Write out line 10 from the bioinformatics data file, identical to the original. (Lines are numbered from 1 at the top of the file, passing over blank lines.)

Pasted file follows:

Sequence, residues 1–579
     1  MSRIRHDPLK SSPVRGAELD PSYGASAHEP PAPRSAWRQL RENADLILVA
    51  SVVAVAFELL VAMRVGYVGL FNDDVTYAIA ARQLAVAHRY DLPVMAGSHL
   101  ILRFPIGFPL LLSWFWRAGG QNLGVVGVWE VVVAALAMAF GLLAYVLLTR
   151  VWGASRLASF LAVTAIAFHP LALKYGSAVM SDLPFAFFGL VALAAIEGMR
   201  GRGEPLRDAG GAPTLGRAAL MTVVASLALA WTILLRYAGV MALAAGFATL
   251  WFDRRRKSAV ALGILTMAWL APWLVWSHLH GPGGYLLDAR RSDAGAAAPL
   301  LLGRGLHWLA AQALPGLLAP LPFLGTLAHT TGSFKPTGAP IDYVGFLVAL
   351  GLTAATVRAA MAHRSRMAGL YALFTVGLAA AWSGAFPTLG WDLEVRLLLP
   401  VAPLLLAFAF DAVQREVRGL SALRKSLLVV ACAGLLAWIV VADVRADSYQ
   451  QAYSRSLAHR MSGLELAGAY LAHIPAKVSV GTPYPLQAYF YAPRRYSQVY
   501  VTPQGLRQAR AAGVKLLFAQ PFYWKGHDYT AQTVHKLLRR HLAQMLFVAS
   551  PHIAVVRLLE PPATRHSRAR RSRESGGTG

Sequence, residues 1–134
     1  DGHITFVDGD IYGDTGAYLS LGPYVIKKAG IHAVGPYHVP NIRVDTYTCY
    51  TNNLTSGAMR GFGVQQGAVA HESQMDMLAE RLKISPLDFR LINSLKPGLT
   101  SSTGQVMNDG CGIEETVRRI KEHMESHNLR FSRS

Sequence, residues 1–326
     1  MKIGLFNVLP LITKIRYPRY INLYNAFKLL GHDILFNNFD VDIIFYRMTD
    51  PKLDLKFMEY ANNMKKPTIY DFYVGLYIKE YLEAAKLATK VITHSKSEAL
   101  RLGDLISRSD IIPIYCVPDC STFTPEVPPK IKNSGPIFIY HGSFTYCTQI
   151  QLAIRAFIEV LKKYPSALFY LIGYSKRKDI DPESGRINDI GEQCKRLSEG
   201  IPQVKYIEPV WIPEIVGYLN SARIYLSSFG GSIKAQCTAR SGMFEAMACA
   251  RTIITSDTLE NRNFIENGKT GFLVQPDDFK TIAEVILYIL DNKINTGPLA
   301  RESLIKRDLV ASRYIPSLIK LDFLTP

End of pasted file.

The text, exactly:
   401  VAPLLLAFAF DAVQREVRGL SALRKSLLVV ACAGLLAWIV VADVRADSYQ